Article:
Lack of time may no longer be a reason or excuse for not working out, as a new study by the McMaster University in Canada published in the PLOS One journal found that intense exercise for one minute (daily) may provide the same health benefits as a 45-minute moderate-intensity continuous training (MICT).
The one-minute exercise, known as the Sprint Interval training (SIT), involving brief intervals of intense exercises such as cycling was found to improve the insulin sensitivity and cardiometabolic health to the same extent as MICT.
SIT involves one minute of intense exercise within a 10-minute commitment, whereas MICT involved 45 minutes of continuous exercise per session, the study said.
As many as 27 men with sedentary lifestyles participated in the study, which was carried out over the course of 12 weeks.
They were divided into two groups, with one performing SIT thrice a week. The group took to three sessions of 20 seconds of cycling, within a 10-minute training session, including warm-up and cool-down.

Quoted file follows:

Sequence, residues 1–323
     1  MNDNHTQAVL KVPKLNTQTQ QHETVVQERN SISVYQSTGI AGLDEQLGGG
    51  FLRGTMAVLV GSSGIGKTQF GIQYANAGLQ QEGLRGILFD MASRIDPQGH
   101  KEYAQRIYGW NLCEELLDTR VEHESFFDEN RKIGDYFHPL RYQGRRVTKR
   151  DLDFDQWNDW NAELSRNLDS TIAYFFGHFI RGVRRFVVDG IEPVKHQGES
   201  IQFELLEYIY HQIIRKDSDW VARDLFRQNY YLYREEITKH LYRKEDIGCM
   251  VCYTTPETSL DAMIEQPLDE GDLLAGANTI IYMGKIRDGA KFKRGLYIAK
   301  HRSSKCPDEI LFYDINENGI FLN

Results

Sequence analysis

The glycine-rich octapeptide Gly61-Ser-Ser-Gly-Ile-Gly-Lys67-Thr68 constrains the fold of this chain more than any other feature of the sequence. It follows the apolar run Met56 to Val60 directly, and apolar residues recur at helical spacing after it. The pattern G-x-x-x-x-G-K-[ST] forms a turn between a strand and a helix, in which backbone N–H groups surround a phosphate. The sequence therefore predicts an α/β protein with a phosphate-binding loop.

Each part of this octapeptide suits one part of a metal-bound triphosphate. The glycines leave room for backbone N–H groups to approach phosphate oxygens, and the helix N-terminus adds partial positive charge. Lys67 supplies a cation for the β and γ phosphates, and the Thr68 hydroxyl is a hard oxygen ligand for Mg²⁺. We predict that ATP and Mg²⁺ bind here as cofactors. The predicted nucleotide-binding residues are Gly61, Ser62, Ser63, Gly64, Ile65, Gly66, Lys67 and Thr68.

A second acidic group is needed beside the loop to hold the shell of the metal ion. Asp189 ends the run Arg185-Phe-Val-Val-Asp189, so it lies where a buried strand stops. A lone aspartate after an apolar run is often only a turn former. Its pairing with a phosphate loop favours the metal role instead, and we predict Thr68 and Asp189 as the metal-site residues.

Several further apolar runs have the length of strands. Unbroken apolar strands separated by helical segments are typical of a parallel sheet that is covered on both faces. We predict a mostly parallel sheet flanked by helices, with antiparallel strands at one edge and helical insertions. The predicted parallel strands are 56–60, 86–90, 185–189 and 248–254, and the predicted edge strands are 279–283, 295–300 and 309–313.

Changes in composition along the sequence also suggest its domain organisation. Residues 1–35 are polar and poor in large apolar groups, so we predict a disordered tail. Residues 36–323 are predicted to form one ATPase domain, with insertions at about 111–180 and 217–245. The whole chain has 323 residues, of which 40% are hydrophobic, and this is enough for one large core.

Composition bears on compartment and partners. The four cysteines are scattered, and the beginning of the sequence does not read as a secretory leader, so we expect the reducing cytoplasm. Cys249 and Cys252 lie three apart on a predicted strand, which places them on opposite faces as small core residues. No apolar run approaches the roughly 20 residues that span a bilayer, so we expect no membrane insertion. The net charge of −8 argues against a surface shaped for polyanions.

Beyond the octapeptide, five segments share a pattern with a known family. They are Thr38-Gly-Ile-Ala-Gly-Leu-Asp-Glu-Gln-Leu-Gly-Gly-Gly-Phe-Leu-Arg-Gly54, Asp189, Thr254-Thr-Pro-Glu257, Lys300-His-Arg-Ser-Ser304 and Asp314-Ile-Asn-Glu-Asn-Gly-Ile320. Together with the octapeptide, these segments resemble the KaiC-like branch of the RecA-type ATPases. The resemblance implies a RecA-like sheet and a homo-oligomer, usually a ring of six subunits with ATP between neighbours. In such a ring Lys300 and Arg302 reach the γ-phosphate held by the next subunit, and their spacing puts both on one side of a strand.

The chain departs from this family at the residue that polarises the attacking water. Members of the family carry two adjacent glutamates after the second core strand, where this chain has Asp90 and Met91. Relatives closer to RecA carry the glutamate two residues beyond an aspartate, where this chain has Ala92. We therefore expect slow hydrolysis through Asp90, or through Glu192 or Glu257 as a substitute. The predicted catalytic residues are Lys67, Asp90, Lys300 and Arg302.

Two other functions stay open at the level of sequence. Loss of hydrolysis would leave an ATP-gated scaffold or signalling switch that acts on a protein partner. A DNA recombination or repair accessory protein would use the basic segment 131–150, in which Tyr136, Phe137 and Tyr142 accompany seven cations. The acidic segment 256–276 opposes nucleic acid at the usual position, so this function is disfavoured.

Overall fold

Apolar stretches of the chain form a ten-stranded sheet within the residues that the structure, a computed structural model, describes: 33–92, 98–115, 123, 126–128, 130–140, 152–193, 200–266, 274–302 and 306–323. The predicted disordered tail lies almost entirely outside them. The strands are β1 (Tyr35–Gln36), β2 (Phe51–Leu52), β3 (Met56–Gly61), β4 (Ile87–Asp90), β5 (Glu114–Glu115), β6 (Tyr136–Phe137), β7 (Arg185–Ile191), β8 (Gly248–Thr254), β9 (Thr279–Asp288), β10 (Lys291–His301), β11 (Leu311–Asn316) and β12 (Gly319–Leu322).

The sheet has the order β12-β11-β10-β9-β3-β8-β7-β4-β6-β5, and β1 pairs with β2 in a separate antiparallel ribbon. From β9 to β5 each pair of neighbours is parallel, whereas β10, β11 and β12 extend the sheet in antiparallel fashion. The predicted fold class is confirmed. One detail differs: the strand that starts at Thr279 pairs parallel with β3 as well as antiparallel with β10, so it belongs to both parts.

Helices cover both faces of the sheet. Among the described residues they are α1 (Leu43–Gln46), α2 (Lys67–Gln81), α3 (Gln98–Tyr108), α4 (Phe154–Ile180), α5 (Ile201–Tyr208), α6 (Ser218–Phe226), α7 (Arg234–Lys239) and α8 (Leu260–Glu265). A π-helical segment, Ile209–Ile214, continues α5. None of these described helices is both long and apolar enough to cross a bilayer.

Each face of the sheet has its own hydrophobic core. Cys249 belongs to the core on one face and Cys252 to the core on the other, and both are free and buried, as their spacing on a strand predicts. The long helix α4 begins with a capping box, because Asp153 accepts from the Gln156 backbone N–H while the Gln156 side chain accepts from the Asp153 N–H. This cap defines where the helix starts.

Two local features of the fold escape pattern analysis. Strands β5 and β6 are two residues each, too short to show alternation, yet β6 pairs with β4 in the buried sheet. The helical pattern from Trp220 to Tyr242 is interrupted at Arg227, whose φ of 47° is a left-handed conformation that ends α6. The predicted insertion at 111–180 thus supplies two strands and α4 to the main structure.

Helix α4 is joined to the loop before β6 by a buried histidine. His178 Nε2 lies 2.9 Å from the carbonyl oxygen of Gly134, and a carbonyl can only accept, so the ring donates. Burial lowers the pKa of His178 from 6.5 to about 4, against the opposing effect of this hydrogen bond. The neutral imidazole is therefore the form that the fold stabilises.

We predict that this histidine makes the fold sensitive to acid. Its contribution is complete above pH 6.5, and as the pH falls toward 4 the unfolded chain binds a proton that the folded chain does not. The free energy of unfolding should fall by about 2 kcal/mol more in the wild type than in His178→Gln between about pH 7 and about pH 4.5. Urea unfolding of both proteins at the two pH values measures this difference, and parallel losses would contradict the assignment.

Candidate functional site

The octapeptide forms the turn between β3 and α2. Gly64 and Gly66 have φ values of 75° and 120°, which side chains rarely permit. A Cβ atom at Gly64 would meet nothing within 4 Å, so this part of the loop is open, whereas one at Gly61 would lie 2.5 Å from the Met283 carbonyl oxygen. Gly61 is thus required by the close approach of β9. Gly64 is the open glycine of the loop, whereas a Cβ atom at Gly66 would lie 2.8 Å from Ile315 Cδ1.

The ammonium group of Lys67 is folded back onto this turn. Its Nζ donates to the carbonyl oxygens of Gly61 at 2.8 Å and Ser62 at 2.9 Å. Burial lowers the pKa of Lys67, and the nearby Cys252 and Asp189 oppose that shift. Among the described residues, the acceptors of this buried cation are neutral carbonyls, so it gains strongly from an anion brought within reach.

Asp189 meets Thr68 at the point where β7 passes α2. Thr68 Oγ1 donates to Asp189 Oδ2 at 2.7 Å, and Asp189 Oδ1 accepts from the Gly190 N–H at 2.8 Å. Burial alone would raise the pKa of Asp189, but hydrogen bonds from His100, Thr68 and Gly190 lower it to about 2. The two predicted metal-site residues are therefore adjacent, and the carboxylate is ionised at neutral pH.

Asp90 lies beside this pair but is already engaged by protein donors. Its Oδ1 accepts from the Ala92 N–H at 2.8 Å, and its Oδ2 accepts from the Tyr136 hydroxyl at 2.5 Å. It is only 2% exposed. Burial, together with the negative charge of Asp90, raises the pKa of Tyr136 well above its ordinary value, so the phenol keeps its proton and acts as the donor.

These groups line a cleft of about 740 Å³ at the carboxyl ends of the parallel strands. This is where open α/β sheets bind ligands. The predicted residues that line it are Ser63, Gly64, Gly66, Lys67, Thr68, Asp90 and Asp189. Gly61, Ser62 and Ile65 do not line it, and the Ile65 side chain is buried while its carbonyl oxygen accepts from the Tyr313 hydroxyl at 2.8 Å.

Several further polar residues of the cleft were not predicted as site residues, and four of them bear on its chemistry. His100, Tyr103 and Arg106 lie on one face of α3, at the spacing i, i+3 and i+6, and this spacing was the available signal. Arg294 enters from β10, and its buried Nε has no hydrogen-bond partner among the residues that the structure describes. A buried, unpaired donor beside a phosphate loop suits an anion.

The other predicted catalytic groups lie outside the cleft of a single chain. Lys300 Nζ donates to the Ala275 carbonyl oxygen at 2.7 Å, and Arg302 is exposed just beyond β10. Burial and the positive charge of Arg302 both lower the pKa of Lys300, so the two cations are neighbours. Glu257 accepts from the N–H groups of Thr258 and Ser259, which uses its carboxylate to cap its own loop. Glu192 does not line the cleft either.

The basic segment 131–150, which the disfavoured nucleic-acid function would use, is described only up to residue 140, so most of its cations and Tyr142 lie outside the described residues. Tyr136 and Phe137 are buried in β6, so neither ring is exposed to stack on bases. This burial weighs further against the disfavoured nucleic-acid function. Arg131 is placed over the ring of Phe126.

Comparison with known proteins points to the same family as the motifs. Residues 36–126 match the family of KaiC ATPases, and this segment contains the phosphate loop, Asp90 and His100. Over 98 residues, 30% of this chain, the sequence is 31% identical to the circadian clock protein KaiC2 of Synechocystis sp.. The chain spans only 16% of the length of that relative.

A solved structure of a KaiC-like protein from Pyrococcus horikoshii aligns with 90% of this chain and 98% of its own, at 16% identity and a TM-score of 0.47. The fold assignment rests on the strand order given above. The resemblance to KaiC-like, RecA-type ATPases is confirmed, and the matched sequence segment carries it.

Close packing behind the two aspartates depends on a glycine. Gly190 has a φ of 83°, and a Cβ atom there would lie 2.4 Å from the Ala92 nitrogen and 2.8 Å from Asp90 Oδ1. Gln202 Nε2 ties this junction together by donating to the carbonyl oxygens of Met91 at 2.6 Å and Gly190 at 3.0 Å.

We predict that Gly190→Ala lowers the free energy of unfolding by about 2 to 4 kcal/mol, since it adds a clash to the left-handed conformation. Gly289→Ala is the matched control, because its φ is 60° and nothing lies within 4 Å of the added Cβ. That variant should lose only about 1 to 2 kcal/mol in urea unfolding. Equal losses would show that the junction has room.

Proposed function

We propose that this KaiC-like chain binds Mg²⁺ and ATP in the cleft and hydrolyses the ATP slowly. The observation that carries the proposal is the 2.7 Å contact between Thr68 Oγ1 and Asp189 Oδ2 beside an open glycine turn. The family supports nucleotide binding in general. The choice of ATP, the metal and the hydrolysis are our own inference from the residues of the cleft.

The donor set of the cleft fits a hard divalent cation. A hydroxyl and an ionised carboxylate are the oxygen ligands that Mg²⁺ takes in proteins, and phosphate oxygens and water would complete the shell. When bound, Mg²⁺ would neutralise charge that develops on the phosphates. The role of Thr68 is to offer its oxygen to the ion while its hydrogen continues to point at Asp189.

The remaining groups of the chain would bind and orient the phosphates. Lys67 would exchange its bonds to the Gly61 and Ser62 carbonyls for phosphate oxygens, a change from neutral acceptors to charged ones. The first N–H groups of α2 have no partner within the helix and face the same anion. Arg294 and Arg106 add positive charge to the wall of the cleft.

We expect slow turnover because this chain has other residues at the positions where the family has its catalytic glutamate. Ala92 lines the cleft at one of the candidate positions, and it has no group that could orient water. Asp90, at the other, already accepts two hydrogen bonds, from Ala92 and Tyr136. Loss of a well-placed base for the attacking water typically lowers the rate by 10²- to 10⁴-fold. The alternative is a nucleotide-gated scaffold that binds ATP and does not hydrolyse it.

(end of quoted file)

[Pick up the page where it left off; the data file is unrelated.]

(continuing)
Meanwhile, the other group exercised for 45 minutes that involved moderate-intensity cycling. Both the groups began with a warm-up workout of two minutes and three-minute cool-down.
For both the groups, the cardiorespiratory fitness increased by 19 percent and the participants showed an overall improvement in insulin sensitivity and skeletal mass content.
The study found out that despite a five-fold lower exercise volume and time commitment of one group than the other, the health benefits achieved were the same.
The major novel finding from the present study was that 12 weeks of SIT in previously-inactive men improved insulin sensitivity, cardiorespiratory fitness and skeletal muscle mitochondrial content to the same extent as MICT, despite a five-fold lower exercise volume and training time commitment, the study added.
The researchers said the reason behind not working out for a majority of the people is the lack of time. Therefore, developing more time-efficient, yet equally-effective exercise strategies are urgently needed, they added.